India to U.S.: Why Spend $6 Billion to Elect a Government?

India to U.S.: Why Spend $6 Billion to Elect a Government?


As reported last week, Romney and the Republican National Committee have outperformed the Obama fundraising machine – for the second month in a row. With only a few months left until the election in November, this campaign cycle is quickly becoming the most expensive presidential race in history. Nationalistic hubris – always a convenient explanatory resource – suggests that the high stakes in the outcome of elections in the “largest democracy in the world” necessitate such staggering campaign expenditures. I don’t buy it.

The 2008 United States presidential election campaign was the most expensive ever, with $5.3 billion spent by candidates, political parties and interest groups on the congressional and presidential races. These numbers represented a 27 percent increase from the $4.2 billion spent in the 2004 campaigns.

Hopefully, the question in everyone’s mind (and, incidentally, the exact quandary CNN sought to answer) is: Why do U.S. elections cost so much? The answers provided brought me back to the days of politics 101 college courses, leaving me with a curious dissatisfaction.

One of the most interesting explanations opinion makers spouse is expressed by Republican strategist Ron Bonjean:

“America is the largest democracy in the world and that’s going to cost a lot of money to express yourself and get your message out, get the vote out, get people to support you and put in (campaign) infrastructure.”

Actually, the largest democracy in the world is not the United States (with a population of 300 million), it’s India (with a population of 1.2 billion).

So what if Mr. Bonjean can’t match his political systems to his population sizes? Why should we care? Well, because in 2009 the actual world’s largest democracy (remember, that’s India), spent about $2 billion in its general election, or less than half the $5.3 billion spent in the U.S. federal elections in 2008.

Yes, a country four times larger than the United States spent less than half the money electing its government. So Mr. Bonjean’s explanation (bigger countries spend more on elections than do smaller countries) seems bogus.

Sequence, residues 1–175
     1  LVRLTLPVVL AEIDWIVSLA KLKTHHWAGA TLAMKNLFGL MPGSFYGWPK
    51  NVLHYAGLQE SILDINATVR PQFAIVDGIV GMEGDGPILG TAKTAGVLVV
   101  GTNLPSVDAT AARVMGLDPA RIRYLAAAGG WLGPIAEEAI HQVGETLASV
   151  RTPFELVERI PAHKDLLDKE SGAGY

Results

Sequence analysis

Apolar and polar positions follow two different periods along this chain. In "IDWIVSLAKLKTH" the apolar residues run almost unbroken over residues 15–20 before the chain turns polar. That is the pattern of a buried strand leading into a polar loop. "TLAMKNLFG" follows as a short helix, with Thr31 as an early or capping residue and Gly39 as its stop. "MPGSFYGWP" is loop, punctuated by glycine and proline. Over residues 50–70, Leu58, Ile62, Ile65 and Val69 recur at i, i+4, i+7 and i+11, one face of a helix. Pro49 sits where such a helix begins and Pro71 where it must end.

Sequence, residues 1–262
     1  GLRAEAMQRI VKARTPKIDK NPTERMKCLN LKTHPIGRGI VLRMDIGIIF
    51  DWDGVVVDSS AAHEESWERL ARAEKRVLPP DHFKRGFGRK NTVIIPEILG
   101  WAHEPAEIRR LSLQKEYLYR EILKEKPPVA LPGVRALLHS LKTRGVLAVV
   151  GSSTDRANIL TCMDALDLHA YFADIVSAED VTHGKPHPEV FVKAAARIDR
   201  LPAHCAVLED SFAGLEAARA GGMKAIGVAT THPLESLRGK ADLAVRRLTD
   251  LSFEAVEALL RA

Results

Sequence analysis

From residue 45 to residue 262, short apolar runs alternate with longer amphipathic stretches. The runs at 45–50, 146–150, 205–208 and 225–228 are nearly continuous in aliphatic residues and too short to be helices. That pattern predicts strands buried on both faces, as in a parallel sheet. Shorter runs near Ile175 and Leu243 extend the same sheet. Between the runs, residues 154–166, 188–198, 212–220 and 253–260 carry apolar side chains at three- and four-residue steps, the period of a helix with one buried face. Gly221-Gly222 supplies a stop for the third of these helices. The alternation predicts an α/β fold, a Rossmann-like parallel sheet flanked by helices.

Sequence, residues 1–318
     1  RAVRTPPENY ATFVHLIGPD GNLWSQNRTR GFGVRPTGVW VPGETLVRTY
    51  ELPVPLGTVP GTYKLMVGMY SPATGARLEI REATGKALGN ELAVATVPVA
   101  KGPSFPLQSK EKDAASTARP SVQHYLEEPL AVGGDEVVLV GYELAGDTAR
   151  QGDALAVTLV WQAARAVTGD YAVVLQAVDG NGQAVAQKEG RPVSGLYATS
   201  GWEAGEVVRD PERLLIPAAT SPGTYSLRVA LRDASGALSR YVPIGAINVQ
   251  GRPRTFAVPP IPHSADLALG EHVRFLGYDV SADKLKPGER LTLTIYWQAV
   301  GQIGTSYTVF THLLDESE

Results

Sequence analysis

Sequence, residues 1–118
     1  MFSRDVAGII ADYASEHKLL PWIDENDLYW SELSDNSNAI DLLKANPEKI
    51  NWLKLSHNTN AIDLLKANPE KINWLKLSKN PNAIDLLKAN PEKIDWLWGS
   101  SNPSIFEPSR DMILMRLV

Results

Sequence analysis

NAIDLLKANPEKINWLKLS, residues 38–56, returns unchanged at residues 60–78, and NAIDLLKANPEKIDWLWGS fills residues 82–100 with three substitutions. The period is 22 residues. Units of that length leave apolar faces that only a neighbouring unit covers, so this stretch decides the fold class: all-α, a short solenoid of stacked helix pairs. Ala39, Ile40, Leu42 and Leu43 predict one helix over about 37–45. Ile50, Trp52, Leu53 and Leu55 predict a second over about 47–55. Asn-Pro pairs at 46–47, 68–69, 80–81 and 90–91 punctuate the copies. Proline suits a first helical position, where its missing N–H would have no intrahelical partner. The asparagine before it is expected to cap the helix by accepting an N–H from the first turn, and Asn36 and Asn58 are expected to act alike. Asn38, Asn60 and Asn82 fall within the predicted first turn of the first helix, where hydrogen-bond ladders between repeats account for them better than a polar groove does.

But perhaps I am being unfair with Mr. Bonjean.  After all, “larger” is a vague qualifier, perhaps what he really meant is that the United States is the largest democracy in the world in terms of money. Alright, let’s try that avenue, and throw in a freebie comparison to a Western Hemisphere country for good measure.

France has a GDP of roughly $2.5 trillion dollars, which about six times smaller than the U.S. roughly $14.5 trillion dollar GDP. France also recently held elections, which cost about 228 million Euros, or about 280 million U.S. dollars. Scale that number up six times and you get about $1.6 billion U.S. dollars.

Damn, that number still severely lower than the $5.4 billion the U.S. spent in campaigns in 2008. So size of the economy, at least in my rudimentary test above, is not a great explanatory factor for electoral campaign spending either Mr. Bonjean, sorry.

Moving on.

Alright, so demography and economic scale can’t adequately explain (at least when compared to other countries) the exorbitant costs of our elections. But that’s good news, population size and economic performance can only be indirectly and slowly influenced by policy.

The bad news is, of course, that the obvious reason other countries manage their democracies more cost effectively is that they operate under a different (read better) campaign regulatory frameworks.

To take the French example, see if you can spot (in bold) the differences,